ShareThis Page

Playmakers should thrive in Pitt offense

| Tuesday, April 12, 2011

In the spring of 2005, Cameron Saddler was an eager freshman at Gateway High School who didn't know Todd Graham from a box of graham crackers.

They were as far from each other in a football sense as Monroeville is from Oklahoma. where Graham was defensive coordinator and later head coach at the University of Tulsa.

Serendipitously, their paths crossed at Pitt this year, largely due to Saddler's unique blend of speed and elusiveness -- something Graham needs in large layers to make his offense work.

To that end, Graham can thank Gateway coach and athletic director Terry Smith. If not for Smith, who knows what outfield Saddler might be patrolling?

Short of stature, now as then, Saddler, 5-foot-7, 170 pounds, could play all sports better than most of his classmates, but he wasn't sure which he liked best.

"One day, I realized I am actually pretty good at (football) for how little I am," he said. "But in ninth grade, I played baseball. One day, me and Coach Smith talked, and he said, 'You are good at baseball, but football will pay for school.'

"That's all I needed to hear."

Six years later, Saddler is one of several Pitt players who could benefit this season from Graham's multiple, no-huddle offense that will be on display at the annual spring game at 2 p.m. Saturday at Heinz Field.

They include quarterback Tino Sunseri, running back Ray Graham and wide receivers Mike Shanahan and Devin Street.

Saddler, a rising redshirt junior wide receiver/punt returner, was an afterthought in the Pitt passing game the past two seasons. He caught only 10 passes for 74 yards and two touchdowns, but those numbers should increase in Graham's offense.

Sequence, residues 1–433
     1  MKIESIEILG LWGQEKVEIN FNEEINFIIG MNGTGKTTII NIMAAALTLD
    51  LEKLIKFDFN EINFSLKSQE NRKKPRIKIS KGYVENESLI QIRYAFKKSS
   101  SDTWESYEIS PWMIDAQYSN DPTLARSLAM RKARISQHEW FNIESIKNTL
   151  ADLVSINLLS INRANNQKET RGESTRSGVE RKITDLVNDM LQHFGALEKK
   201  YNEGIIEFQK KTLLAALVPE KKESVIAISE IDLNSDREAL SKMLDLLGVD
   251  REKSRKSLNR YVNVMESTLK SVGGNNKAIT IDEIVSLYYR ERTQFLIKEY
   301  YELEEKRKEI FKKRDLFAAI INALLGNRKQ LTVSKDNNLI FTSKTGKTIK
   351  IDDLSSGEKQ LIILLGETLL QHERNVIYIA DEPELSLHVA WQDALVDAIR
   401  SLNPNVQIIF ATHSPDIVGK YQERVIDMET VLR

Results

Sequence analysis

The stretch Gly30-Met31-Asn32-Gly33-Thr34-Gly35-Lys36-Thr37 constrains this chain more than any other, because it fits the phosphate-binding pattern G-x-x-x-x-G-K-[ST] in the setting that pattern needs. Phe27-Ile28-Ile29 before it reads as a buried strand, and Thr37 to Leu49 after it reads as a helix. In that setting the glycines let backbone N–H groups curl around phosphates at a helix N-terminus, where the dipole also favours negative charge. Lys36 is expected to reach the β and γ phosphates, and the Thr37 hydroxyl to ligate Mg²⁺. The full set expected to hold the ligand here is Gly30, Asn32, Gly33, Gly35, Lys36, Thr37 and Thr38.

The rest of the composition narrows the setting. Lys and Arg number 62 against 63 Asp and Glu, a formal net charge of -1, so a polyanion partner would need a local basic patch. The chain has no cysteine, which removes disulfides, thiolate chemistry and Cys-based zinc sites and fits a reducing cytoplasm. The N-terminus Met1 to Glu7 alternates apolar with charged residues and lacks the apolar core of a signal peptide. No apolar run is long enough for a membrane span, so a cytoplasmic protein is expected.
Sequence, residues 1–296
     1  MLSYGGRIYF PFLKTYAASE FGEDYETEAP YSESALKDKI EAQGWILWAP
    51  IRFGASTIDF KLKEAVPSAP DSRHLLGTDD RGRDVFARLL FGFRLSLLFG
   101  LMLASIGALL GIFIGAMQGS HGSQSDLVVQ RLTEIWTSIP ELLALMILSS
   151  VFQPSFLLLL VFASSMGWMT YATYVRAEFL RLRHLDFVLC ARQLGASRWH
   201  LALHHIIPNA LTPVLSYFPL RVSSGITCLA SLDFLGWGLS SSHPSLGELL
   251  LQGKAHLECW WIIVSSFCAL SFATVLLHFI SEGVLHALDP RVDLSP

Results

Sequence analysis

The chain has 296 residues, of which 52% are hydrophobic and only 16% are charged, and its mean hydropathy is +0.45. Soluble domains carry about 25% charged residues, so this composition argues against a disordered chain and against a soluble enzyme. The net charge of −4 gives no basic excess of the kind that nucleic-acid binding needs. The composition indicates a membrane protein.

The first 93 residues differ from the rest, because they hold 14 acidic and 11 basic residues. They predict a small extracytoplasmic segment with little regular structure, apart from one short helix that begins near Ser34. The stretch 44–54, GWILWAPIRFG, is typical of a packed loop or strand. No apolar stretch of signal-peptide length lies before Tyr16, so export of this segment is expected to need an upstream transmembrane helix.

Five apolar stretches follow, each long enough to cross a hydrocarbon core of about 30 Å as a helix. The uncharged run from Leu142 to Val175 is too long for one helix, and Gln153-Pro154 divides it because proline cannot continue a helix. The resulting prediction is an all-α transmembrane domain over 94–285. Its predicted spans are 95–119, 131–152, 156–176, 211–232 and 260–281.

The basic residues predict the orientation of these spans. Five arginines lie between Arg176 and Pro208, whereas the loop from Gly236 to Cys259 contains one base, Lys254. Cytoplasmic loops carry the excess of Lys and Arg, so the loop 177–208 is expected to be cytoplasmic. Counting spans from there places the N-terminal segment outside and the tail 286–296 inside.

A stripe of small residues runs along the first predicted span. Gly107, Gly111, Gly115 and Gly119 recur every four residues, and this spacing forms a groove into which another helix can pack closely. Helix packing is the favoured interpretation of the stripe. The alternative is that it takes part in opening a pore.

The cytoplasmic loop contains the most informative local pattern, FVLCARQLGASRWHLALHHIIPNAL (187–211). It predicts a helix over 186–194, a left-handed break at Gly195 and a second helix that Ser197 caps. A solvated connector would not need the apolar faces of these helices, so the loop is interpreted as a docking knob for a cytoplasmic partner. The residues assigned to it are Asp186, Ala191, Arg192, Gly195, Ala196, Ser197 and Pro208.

"Cam Saddler, he has all the shakes," Street said.

Said Graham: "He brings a certain set of skills to the system that our system utilizes."

The "system" relies on speed. Players must have it, not only when they are carrying the ball, but running onto the field, back to the line of scrimmage, in and out of practice drills and, presumably, through the lunch line in the cafeteria.

But there's more to it than that.

Don't forget the ground game

On the day he was hired, Graham told a news conference his offense is not a spread. He doesn't want people to consider it big on frills, short on power.

Graham said the running game can be anywhere between 60 to 70 percent of his offense. Indeed, Graham's Tulsa teams in 2008 and 2010 were fifth and 15th in the nation in yards rushing (268.0 and 216.9 per game), in part because the offense tries to put playmakers in space.

Which is why Todd Graham is so high on Ray Graham, even if they're not related.

"Our system really benefits him," Todd Graham said. "He is the most explosive guy we have, and the sky's the limit as far as what he can do in this system."

Sunseri said he likes the options the offense gives him, including tucking the football and running, and he believes that will open lanes for Graham.

"I feel bad for those safeties who are sitting back on their heels," Sunseri said. "He is so shifty, you have Ray running full speed at you and you have to be able to react off him."

Graham, a rising junior, was second to Dion Lewis in rushing last season with 922 yards (6.2 per carry). He caught 24 passes for another 213.

"I like to get one-on-one with defenders," he said. "I get to show my ability more. With the pro (the former offense), I was more of a downhill runner, but I am more of a shifty back."

Ray Graham said opposing defenses must honor the passing game more than in previous seasons.

"Last year, they were up big in the box (safeties inching toward the line of scrimmage). Now they can't play like that. Now, they have to play honest."

Receivers thriving, too

Street, a redshirt sophomore, and Shanahan, a redshirt junior, also have looked at home in practice after having modest success in the previous offense.

Street said the law of averages favors him because -- in Graham's perfect world -- the offense will snap the ball about 80 times a game.

"That's more reps for me, and more catches," he said. "It's just more exciting. Defenses are not going to know what is coming at them because we do so many different things. My appetite is through the roof right now."